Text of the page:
Few things are more harmful to the environment than computing, says computer expert Matt Bentley.
The amount of raw materials that need to be extracted from the earth in order to construct a small computer, is the size of a small car. So if we’re using then replacing these devices every three to four years, we’re actually having an awful impact on the planet. So what can you do?
To start with, throw out that old notion of ‘oh, it’s getting slow, I might as well replace it’. Ignoring the fact that transferring all your programs, data and settings to a new computer is a time-consuming and difficult process, the fact is that computers are not increasing in speed at the same rate as they were 20 years ago. In the 1990’s it was not uncommon for the processing speed of computers to double from year to year. Now you’re lucky if you get a 5-10% performance increase from year to year.
What that means is that the benefit of replacing a computer on the basis of speed is negligible, unless it’s more than eight years old. Of course, if something breaks in it that can’t be replaced, then of course you need to replace it. But the vast majority of the time some components can be replaced with better ones, and you may find the computer speeds up quite a bit as a result (for example, from putting in an SSD drive to replace your old hard drive).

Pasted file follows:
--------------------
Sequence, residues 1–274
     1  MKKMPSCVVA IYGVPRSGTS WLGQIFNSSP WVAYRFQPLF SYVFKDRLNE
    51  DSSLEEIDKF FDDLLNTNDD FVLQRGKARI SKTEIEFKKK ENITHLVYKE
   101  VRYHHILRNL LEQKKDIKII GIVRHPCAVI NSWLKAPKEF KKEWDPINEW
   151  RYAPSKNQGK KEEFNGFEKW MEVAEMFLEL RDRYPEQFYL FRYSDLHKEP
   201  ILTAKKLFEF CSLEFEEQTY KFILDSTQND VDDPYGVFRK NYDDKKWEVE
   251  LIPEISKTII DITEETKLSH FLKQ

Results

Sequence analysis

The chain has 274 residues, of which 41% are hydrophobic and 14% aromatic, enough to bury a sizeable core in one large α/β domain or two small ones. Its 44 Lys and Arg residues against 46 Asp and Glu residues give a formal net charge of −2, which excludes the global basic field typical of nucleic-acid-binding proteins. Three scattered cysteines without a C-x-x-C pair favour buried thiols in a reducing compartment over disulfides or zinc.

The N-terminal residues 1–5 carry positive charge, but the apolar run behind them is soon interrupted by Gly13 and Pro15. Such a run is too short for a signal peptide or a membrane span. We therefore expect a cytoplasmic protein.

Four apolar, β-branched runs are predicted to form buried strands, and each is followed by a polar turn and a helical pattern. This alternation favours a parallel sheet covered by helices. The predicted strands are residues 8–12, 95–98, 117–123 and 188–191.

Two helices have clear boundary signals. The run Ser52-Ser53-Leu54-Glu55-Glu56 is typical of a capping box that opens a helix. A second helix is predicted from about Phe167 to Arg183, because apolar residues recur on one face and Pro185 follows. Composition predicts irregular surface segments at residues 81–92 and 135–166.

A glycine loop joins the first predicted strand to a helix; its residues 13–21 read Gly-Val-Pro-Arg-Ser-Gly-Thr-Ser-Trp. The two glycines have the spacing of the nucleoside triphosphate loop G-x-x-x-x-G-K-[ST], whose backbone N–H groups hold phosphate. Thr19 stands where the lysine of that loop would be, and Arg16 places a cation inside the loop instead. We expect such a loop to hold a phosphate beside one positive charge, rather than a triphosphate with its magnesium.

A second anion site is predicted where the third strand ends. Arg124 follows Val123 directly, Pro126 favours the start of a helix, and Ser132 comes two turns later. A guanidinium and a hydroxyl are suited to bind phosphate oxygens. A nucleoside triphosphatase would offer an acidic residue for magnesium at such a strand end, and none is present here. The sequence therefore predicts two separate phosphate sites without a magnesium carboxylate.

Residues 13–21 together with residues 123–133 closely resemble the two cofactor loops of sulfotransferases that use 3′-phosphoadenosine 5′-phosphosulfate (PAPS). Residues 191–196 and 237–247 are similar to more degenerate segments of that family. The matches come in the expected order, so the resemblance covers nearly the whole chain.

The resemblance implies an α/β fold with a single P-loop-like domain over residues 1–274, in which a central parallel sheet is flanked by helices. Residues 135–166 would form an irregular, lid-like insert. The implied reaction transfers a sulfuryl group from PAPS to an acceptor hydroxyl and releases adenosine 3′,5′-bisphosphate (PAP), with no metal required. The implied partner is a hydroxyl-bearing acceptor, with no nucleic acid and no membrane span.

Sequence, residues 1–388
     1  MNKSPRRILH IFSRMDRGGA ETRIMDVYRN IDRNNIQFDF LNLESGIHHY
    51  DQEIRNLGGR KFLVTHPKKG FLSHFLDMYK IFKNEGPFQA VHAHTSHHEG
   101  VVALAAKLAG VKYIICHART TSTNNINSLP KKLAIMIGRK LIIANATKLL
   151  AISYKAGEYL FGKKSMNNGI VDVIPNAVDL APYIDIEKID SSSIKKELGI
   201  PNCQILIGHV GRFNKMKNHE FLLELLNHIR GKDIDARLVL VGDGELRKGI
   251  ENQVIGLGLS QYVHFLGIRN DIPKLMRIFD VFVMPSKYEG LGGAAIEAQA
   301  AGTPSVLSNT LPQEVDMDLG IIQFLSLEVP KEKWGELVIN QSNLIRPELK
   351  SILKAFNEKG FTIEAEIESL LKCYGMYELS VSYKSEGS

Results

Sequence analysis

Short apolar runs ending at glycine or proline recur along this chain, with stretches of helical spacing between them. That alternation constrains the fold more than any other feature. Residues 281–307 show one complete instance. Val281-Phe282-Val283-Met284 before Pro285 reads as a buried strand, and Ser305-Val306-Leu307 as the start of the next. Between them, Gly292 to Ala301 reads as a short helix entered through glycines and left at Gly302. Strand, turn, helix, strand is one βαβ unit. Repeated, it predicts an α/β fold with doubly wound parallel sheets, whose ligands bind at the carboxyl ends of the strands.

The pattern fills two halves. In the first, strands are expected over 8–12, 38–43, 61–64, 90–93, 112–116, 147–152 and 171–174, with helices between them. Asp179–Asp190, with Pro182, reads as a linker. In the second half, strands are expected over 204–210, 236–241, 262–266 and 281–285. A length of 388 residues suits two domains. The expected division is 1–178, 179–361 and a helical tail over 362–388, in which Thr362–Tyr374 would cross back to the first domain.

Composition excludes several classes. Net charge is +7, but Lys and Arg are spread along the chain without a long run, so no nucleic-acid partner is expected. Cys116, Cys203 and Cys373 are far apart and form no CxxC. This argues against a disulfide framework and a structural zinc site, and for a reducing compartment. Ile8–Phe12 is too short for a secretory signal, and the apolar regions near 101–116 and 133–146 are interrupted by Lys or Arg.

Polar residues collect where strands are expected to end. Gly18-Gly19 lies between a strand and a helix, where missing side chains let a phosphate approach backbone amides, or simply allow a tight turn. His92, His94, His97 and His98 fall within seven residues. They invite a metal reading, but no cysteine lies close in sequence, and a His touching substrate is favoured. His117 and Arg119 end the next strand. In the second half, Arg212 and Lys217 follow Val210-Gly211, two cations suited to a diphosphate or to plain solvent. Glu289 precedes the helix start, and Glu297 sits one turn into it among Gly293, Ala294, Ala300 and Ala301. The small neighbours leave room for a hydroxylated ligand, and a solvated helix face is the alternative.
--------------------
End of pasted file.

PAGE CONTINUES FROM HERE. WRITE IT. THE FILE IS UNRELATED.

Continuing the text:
The other result of the decrease in the acceleration of computer speed is that you might want to look at using better programs instead of replacing hardware. A lot of windows programs, particularly Microsoft’s ones, tend to be slower than other free, open-source solutions. For example, Media Player Classic is a much faster replacement for Microsoft’s own built-in media players. For any given piece of software, it’s guaranteed that there are at least four freeware programs that do the job better.
Next year Windows 7 gets made obsolete by Microsoft, who will stop issuing security patches for it, making it unsafe to use on the internet. So you might be tempted to chuck out that old computer and just get a new one with Windows 10 on it, but actually it’s relatively easy to upgrade Windows 7 to Windows 10 for free, despite the fact that the ‘official’ free-update period has passed. I’ve even updated a computer from 2001 from Windows 7 to Windows 10 without issue.
Lastly, rather than throwing the machine on the landfill if you do decide to replace it, consider donating it to a charity or giving it to one of the many computer recycling outfits in your area. In the best case, they will take the machine and re-purpose or on-sell it, and in the worst case, it will end up going to a metal recycler. Just google “IT recycling” and the name of your town in your web browser.
Computers may be cheap, but the cost to the environment isn’t free. Choose wisely, buy sensibly, dispose of responsibly.
- Matt Bentley is the computer repair guy running Waikato Home PC Support. Email him here or phone 0211348576.